Last December, in the section by cartoonist Joe Dator of The New Yorker newspaper, it was noted that if the reality is outside the political debate, politics has been left in the hands of demagogues and fanatics. Right now, when social networks allow the immediate dissemination of information, a situation is being created where people live in information bubbles. You go to the Internet to reinforce an existing opinion and not to form a new opinion. People visit news sites, blogs and Facebook versions to confirm their personal point of view by discussing it with people like themselves, which is now called the ‘echo chamber’.
The research firm BuzzFeed found that this past year political party news sites had more impact on social media than traditional news media. In fact, the creation of false and sensationalist partisan content has turned out to be a particular niche market exploited by a group of Macedonian teenagers whose fake news sites turned out to be very successful. They applied the ‘clickbait’ to the political arena and confirmation bias and the social networks did the rest.
It is likely that the surprise caused by Trump’s victory and the Brexit vote have given rise to all this debate about post-truth and fake news spread on social networks. And so political analysts have started to write about this new media lode. If the Oxford’s dictionary chose the term ‘post-truth’ as the word of the year for 2016, one might recall that for 2005 Stephen Colbert chose the term ‘truthiness’ to refer to the myths created by George W. Bush during his administration when he used his personal vision of reality and not facts and rationality as the basis of the principles by which he governed.
In fact, the use of lies as political arguments is nothing new. Hitler did the same thing in the early 1930s, and then Franco did it again in the 1940s and 1970s, as did Castro in Cuba for more than 50 years. Fortunately, our timely knowledge of these three well-known cases makes it easy for us to understand that lying has been the fundamental basis for defending dictators and psychopathic governments that have always existed.
According to the prestigious journal The Economist, Trump’s current behavior marks an important milestone in the emergence of what has been called post-truth politics, where it doesn’t matter whether what is said is true or not; it’s enough for statements to be perceived or felt to be true (to ‘feel true’). And so personal feelings are what’s important and not facts.
In Decemberof last year The Economist recalled Trump’s statements that in many US cities crimes had reached record highs, when the facts show that they have remained stable for the past 15 years. At the same time the journal mentioned that Trump was not the only current exponent of post-truth politics; it also occurred in England during the recent referendum campaign to decide whether the UK should remain in or leave the European Union. Supporters of the “yes” vote spread the idea that membership in the EU cost England $470,000 a week, that such an amount should be spent on public health, and that staying would bring an avalanche of immigrants because of the imminent admission of Turkey to the EU. Both pieces of information were false.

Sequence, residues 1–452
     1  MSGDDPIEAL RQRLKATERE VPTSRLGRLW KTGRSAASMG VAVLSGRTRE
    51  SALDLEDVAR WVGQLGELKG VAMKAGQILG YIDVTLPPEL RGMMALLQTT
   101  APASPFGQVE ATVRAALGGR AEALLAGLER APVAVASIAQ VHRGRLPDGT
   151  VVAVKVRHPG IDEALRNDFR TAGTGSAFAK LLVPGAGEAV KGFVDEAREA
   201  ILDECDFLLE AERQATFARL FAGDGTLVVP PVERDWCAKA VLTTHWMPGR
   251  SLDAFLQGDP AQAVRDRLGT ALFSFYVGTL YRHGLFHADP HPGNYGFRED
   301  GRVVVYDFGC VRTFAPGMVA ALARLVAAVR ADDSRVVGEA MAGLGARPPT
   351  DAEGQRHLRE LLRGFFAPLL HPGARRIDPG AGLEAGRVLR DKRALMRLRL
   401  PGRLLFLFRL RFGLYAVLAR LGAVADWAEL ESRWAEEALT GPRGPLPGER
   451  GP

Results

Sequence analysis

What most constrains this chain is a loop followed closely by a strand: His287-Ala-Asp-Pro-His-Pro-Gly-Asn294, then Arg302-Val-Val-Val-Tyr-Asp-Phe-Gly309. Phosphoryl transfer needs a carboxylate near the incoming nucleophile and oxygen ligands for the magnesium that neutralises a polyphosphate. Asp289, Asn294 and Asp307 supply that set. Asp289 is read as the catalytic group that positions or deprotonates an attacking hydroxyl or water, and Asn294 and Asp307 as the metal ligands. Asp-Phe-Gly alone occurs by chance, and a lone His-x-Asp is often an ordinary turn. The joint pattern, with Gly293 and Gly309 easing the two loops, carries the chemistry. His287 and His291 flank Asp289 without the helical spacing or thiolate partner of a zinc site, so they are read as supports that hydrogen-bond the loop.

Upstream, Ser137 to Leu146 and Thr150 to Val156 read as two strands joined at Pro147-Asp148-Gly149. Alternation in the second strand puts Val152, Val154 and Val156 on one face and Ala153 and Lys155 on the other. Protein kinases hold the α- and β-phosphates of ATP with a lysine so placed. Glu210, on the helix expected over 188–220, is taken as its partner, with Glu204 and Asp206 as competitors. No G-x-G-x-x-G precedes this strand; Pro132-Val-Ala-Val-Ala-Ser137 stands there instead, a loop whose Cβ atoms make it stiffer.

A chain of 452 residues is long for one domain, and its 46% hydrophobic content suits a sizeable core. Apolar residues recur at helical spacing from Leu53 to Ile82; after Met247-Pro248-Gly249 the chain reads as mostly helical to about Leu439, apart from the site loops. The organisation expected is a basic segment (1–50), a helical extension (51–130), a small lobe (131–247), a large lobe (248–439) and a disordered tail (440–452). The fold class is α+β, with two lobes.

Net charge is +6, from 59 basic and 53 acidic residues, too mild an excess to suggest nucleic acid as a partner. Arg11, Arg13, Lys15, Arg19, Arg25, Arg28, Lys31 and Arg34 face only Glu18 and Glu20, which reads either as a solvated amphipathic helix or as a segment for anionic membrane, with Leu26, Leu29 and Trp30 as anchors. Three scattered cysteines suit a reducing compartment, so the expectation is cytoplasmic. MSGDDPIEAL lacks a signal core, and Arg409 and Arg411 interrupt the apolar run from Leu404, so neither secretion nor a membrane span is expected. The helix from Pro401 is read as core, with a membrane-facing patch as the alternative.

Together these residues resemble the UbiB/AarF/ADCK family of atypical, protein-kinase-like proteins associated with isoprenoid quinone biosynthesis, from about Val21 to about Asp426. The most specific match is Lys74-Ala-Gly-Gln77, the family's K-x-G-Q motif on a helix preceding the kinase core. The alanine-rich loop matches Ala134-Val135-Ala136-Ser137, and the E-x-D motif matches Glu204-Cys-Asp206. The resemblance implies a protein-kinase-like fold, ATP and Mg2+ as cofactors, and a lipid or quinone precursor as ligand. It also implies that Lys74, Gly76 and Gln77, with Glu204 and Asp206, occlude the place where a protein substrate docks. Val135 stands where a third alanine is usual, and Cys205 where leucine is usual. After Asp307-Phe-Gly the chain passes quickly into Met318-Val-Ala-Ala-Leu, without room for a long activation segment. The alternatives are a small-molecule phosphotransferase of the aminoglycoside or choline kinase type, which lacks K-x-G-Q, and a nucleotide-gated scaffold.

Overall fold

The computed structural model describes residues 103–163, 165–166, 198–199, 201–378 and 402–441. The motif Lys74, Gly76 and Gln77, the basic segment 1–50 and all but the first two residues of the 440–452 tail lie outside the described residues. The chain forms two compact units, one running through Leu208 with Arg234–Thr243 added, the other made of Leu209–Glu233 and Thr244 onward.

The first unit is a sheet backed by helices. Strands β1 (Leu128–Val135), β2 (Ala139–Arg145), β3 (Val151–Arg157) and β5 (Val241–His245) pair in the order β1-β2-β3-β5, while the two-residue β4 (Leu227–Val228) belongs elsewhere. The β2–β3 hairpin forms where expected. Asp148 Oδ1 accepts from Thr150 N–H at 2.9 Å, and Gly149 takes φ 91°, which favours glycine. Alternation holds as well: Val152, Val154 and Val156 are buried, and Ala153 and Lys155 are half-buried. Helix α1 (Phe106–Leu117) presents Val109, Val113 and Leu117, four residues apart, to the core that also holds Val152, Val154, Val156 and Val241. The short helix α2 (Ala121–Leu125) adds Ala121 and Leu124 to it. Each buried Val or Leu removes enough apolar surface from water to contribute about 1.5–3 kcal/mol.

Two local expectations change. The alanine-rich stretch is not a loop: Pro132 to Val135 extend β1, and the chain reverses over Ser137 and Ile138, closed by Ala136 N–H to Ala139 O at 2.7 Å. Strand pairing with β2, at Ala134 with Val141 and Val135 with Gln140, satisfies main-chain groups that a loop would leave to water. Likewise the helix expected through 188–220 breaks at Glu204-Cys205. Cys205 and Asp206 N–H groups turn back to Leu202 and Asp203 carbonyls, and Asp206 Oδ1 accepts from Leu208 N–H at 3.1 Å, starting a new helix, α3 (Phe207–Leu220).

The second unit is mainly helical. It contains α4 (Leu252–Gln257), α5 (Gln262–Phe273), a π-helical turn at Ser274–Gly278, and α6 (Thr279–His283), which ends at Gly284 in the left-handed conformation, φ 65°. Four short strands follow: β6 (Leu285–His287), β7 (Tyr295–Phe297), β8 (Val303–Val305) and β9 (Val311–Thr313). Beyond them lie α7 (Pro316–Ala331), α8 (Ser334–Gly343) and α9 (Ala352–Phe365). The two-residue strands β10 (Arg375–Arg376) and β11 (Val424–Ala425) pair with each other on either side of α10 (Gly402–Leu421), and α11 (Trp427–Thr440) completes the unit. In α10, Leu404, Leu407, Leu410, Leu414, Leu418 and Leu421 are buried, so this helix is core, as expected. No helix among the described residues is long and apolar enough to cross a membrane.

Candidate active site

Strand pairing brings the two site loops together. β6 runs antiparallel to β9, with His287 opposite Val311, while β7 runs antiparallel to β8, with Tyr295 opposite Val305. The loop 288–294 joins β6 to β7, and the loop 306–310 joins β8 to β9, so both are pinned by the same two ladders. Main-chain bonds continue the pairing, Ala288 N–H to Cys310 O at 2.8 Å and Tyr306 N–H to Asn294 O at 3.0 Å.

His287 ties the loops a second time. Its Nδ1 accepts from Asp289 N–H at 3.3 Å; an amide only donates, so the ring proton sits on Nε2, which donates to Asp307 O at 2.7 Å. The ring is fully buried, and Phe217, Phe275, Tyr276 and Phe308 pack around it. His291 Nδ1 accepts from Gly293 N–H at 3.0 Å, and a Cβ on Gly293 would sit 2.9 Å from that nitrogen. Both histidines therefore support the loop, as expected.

Although everyone knows about the age-old the use of lies in politics, the big difference between the lies of yesterday and today’s lies is that in the past lies were told to cover up a truth that they didn’t want to be made public, while that does not happen nowadays. Instead lies are put out there because they sound true or because it is believed that they are supposed to be the truth. The problem is that when there is so much difference between reality and what people believe, all sorts of conspiracy theories arise.
According to The Economist, in Europe the best current example of the use of lies would be Poland and its ultranationalist party now in power. Its leaders established the idea that the country’s post-communist leaders were colluding with former leaders to control Poland between them. But without doubt Russia is the most advanced in this type of politics along with North Korea. During the recent Ukrainian crisis, the official media declared that there were no Russian soldiers in that country even though there was very visible evidence that they were there. That is why some political analysts say that Putin’s policy can be summed up with the phrase ‘nothing is true and everything is possible’. Unlike the days of the USSR where whenever the government lied they tried to present evidence to back up the lies, now things are just said and ‘realities are created.’
According to Daniel Kahneman, winner of the Nobel Prize in psychology, human beings really do not seek truth, but they perform an exercise in which they seek to avoid it. People tend to believe in the information to which they are exposed and seek to avoid the facts that force them to make their brains work harder. And in some cases confrontation with reality leads them to cling more to their false beliefs.
For The Economist, many of the social networks are not thought of as journalism, so people do not feel called to control the information circulating on the Internet. In fact, many have come to think that the era of objective journalism is over and that post-truth politics is here to stay for many years, and this can become a serious threat to the immediate future of democracy.